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Fibrinogen and Viscosity as Risk Factors for Subsequent Cardiovascular Events in Stroke Survivors

Karl L. Resch, MD; Edward Ernst, MD; Arpad Matrai, MD, PhD; and Hans F. Paulsen, MD
[+] Article, Author, and Disclosure Information

Grant Support: By the German Association of Life Insurers.

Requests for Reprints: Prof. E. Ernst, MD, PhD, Department of Physical Medicine and Rehabilitation, University of Vienna, Währinger Gürtel 18-20, 1097 Vienna, Austria.

Current Author Addresses: Dr. Resch and Professor Ernst: Department of Physical Medicine and Rehabilitation, University of Vienna, Währinger Gürtel 18-20, 1097 Vienna, Austria.

Dr. Paulsen: Buchberg-Klinik, W-8170 Bad TöLz, Germany.

From the University of Vienna, Austria, and Buchberg-Klinik, Bad Tölz, Germany. For current author addresses, see end of text.†Deceased.

©1992 American College of PhysiciansAmerican College of Physicians

Ann Intern Med. 1992;117(5):371-375. doi:10.7326/0003-4819-117-5-371
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Objective: To investigate whether abnormalities in blood viscosity predict a poor prognosis for subsequent cardiovascular events in stroke survivors.

Design: Nested case-control study among a cohort of survivors of a first stroke, followed for an average of 2 years. Patients with a second stroke, myocardial infarction, or cardiovascular death were matched with patients who did not have such events (control patients).

Setting: Buchberg-Klinik, Bad Tölz, Germany, a specialized center for stroke rehabilitation.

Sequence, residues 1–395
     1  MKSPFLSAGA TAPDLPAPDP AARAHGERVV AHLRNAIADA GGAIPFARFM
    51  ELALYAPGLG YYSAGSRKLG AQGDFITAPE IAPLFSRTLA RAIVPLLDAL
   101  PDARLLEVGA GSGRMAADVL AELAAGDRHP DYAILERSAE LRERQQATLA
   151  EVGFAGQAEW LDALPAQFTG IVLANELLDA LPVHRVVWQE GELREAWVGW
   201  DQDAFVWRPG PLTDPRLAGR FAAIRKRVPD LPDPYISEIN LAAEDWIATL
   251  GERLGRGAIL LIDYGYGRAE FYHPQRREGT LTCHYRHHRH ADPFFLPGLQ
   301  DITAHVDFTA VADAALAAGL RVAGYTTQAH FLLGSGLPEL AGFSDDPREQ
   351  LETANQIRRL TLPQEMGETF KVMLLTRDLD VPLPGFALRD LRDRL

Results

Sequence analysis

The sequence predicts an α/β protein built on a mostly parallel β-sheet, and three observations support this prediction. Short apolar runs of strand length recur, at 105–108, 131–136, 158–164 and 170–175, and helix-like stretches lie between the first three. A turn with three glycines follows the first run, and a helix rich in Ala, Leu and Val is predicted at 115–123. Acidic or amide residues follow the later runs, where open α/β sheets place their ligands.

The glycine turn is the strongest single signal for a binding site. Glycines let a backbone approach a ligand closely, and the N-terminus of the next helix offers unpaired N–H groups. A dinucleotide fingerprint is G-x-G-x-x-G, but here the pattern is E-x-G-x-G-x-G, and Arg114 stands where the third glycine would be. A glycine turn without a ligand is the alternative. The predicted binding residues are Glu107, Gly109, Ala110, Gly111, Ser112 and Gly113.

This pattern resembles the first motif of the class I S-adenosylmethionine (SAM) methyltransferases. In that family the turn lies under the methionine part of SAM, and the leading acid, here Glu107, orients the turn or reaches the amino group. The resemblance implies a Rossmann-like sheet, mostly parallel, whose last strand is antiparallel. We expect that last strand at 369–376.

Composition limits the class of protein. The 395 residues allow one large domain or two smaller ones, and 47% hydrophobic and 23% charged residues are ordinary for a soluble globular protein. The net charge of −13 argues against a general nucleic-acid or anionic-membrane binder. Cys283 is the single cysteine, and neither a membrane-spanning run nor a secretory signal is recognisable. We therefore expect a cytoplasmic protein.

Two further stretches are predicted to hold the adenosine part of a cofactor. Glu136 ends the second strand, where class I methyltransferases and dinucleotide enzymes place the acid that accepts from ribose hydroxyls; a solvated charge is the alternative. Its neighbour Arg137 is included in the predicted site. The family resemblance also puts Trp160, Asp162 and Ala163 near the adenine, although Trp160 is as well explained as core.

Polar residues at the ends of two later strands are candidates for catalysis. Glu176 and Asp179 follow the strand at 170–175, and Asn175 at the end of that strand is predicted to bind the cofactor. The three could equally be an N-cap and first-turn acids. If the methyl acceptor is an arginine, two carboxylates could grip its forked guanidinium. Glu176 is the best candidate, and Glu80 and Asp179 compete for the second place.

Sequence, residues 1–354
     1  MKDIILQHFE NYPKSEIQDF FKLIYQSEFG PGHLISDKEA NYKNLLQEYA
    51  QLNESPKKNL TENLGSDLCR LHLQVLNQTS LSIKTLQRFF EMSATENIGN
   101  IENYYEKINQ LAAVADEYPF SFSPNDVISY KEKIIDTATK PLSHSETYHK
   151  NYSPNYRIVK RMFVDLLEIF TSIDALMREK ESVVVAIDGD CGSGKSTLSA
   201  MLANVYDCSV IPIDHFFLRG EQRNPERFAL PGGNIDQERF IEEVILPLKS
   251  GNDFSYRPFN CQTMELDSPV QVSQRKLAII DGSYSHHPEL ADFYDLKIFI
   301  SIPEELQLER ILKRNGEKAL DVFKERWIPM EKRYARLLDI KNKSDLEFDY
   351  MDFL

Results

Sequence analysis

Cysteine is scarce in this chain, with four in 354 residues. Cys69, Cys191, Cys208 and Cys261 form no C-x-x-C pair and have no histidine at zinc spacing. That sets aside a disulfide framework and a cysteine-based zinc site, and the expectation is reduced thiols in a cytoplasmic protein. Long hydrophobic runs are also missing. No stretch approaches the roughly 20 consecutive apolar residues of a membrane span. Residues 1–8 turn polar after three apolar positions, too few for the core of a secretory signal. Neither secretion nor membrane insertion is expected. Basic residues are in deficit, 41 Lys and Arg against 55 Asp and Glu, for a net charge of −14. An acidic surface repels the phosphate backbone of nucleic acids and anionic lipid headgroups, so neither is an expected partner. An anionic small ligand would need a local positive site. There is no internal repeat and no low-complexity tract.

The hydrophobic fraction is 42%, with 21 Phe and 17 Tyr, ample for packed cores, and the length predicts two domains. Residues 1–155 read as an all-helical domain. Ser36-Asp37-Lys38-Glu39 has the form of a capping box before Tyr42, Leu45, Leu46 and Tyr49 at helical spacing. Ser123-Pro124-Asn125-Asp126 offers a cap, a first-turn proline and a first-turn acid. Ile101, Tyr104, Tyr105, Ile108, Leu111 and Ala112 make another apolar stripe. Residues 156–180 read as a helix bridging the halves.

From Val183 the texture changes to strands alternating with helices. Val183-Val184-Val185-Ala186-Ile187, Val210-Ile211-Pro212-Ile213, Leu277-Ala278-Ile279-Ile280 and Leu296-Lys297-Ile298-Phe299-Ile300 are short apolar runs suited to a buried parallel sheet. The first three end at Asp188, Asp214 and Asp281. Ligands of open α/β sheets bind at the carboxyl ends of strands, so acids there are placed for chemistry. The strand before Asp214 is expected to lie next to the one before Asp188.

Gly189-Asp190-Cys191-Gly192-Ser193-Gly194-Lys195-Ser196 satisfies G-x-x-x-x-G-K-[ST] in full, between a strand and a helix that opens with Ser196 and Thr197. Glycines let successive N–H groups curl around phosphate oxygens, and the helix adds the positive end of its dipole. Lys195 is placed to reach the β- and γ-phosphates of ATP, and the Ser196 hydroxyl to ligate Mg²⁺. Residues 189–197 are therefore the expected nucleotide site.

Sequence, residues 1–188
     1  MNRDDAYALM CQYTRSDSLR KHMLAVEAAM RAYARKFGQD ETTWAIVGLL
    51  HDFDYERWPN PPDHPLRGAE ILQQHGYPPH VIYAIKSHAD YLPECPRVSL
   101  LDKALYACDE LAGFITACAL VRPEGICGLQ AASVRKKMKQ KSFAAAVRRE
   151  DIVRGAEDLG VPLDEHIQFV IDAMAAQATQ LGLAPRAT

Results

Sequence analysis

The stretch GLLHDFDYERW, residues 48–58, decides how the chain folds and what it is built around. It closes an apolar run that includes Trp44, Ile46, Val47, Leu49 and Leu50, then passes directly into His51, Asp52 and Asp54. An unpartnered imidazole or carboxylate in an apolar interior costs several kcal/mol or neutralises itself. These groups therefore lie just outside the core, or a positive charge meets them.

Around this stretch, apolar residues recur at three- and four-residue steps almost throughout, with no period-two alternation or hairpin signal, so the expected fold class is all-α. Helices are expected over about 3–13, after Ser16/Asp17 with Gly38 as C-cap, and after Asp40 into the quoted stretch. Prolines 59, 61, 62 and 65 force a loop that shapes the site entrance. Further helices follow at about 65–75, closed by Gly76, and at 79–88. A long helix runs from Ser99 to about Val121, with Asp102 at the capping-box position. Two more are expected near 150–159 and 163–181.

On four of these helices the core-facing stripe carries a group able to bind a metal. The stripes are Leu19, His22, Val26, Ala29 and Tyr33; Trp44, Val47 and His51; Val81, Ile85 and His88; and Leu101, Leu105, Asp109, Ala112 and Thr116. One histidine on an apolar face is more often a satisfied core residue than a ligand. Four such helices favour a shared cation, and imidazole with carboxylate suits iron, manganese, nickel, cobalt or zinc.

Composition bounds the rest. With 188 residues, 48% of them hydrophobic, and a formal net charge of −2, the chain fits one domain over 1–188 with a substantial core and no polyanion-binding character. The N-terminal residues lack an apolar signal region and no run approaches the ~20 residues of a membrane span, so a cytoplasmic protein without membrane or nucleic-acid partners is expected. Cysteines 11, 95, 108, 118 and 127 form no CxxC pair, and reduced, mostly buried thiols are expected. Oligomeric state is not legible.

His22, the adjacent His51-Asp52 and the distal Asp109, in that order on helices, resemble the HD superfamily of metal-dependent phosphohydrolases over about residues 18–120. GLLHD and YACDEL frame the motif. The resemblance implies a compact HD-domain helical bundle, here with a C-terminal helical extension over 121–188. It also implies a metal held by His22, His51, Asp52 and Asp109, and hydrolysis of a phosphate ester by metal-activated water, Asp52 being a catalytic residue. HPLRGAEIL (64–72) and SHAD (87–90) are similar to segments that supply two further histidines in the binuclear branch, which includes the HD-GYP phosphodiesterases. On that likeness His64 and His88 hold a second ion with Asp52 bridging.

Patients: A total of 625 consecutive patients. Twenty-one patients (3.5%) were lost to follow-up. Sixty pairs were matched.

Measurements: Native and hematocrit-standardized blood viscosity at three shear rates, hematocrit, plasma viscosity, fibrinogen, erythrocyte sedimentation rate, total leukocyte count, and the matching variables.

Results: Eighty-five patients had a second stroke, myocardial infarction, or died due to a cardiovascular event. Patients with re-events had higher blood viscosity and fibrinogen levels than the control patients. In the 60 matched pairs, the mean of the paired differences between patients with re-events and control patients was 5.03 mPa · s (95% Cl, 1.262 to 8.941; P = 0.01) for native blood viscosity at shear rate 0.7 s-1, for plasma viscosity, 0.044 mPa · s (Cl, 0.006 to 0.083; P > 0.02), and for fibrinogen, 0.056 g/L (Cl, 0.010 to 0.101; P > 0.02). Odds ratios were significantly increased only for plasma viscosity (odds ratio, 2.86; Cl, 1.06 to 8.43) and fibrinogen (odds ratio, 3.67; Cl, 1.31 to 11.69).

Conclusions: Hyperfibrinogenemia is an independent risk factor for cardiovascular events in stroke survivors. Intervention trials with fibrinogen lowering measures may be warranted.





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